16 Jan 1842 it is reported that the Chief Engineer, Mr. G.P. Stewart, whilst waiting for the ship's boat on an unlit jetty or mole at Trieste, fell into the sea and was drowned, possibly having tripped on some cables that were across the stairs, his head showing signs of his having hit the rocks below the pier. He was buried ashore on the 18th with all the honours of a commissioned officer prior to the ship sailing. [There is some confusion over the date of this article, it being dated 24 hours after it was sent to England from Malta, unless it was received from another source ?].
8 Feb 1842 arrived Malta, from Constantinople, with the medals for the British forces, for services in Syria : gold for senior officers, silver junior officers, and copper for the men.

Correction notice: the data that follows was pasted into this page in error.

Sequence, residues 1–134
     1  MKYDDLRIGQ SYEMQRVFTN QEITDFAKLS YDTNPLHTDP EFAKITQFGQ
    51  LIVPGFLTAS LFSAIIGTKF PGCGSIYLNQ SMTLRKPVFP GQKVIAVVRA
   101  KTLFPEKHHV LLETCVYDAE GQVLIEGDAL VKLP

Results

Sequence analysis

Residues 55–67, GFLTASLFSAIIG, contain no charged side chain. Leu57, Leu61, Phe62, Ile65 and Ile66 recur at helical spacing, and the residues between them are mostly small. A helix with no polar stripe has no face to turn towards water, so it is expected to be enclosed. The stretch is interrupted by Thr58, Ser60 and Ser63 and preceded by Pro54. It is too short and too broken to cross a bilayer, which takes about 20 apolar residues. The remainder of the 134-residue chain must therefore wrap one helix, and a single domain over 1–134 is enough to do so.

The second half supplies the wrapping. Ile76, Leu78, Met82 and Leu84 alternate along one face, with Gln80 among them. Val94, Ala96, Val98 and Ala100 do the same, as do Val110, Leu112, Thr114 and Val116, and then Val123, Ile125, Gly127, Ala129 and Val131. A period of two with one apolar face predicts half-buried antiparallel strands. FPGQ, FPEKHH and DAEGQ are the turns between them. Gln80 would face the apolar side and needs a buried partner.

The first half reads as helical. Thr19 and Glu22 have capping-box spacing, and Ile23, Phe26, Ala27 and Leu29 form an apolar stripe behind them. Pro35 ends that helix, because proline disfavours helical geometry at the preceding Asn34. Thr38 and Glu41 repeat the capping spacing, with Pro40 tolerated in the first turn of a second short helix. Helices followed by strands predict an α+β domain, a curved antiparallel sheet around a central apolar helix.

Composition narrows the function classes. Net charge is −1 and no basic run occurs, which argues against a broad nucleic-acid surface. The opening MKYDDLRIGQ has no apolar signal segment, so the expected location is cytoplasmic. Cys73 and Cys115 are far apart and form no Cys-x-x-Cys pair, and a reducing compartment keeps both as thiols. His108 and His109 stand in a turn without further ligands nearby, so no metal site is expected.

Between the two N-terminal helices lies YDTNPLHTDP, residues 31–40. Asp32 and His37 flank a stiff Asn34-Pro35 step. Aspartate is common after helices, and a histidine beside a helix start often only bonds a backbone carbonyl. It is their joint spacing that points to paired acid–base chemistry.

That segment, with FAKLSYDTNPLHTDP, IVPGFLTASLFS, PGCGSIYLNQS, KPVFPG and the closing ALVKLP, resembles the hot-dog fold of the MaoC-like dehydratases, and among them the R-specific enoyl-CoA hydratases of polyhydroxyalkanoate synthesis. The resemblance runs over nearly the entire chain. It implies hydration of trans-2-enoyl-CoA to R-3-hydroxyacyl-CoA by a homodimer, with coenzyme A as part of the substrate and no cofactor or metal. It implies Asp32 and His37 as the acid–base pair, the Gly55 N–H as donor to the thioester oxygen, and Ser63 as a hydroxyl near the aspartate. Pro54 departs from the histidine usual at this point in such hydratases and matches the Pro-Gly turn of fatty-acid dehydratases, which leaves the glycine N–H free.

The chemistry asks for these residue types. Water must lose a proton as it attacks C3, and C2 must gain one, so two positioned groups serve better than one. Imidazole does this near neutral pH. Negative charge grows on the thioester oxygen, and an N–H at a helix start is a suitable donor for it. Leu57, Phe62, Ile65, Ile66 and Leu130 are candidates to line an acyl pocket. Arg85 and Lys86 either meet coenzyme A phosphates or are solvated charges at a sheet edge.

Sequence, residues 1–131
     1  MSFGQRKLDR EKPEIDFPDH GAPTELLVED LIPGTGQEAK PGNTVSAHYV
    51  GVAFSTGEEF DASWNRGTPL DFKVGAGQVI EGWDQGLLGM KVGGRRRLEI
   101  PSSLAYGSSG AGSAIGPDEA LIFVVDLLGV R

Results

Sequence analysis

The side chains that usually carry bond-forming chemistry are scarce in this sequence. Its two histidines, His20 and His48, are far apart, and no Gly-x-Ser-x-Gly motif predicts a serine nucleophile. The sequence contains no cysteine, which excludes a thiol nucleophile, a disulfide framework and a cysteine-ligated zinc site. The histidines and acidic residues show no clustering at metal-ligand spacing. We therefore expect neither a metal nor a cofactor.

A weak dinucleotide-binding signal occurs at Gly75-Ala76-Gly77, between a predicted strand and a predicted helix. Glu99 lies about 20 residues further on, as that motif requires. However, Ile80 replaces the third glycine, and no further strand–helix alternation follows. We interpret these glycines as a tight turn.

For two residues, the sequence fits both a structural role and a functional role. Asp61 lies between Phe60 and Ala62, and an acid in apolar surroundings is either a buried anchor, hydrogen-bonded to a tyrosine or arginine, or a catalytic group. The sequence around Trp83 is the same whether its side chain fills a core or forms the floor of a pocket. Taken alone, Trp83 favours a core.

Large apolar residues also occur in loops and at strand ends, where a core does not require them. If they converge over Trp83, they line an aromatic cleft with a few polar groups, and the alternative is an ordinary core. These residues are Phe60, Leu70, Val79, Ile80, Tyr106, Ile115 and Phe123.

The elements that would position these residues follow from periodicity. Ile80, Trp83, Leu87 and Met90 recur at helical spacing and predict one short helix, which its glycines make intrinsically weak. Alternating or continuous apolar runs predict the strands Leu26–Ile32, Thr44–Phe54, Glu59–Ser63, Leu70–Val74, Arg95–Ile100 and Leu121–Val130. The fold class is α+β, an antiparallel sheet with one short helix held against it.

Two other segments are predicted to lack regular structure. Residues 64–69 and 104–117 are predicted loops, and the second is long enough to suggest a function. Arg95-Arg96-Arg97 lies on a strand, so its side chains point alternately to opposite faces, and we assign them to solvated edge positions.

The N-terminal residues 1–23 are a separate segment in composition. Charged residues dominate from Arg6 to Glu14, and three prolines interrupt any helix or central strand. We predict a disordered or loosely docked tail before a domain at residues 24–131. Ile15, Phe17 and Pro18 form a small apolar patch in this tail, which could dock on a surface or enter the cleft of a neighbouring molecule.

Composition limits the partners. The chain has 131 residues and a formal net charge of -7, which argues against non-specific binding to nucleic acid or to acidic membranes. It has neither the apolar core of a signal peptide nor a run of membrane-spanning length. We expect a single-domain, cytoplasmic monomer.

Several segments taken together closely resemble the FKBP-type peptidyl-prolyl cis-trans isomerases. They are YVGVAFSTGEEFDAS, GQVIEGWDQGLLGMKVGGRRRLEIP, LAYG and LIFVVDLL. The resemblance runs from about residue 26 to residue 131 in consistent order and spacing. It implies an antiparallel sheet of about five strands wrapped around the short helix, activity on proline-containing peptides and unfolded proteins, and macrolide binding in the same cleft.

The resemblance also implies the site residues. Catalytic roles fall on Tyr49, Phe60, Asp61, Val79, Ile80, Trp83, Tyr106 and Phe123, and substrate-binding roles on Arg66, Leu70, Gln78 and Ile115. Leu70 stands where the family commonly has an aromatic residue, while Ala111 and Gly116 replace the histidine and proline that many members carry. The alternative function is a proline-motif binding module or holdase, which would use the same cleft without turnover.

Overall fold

27 Feb 1842 arrived Alexandria from Malta and Candia and departed the following day for Beyrout.
2 Mar 1842 arrived Beyrout ; departed for Alexandria on the 5th, where she arrived on the 7th.
8 May 1842 is reported to have arrived Beyrout a few days ago.
18 May 1842 at Beyrout.
5 Jun 1842 reported to be at Alexandria.
5 Sep 1842 is expected to be replaced by the Medea at Alexandria in the near future.
15 Oct 1842 departed for Corfu in place of the Alecto, whose boilers are out of order.
26 Oct 1842 arrived Gibraltar ?.
15 Nov 1842 departed Malta for the Ionian Islands.
25 Nov 1842 arrived Malta with the Geyser from Corfu and Zante and then proceeded to Barcelona with the Inconstant on the 27th to protect British interests.
30 Nov 1842 the Rodney assisted the Formidable, which struck the ground heavily 14 miles to the west of Barcelona, whilst doing about 4 knots. With many other vessels which arrived during the day, the Formidable was hauled off just before midnight, having thrown her guns overboard and started and pumped out her water. The ship was towed to Barcelona, and from there to Port Mahon. The Cyclops assisted with the recovery of the guns and rudder.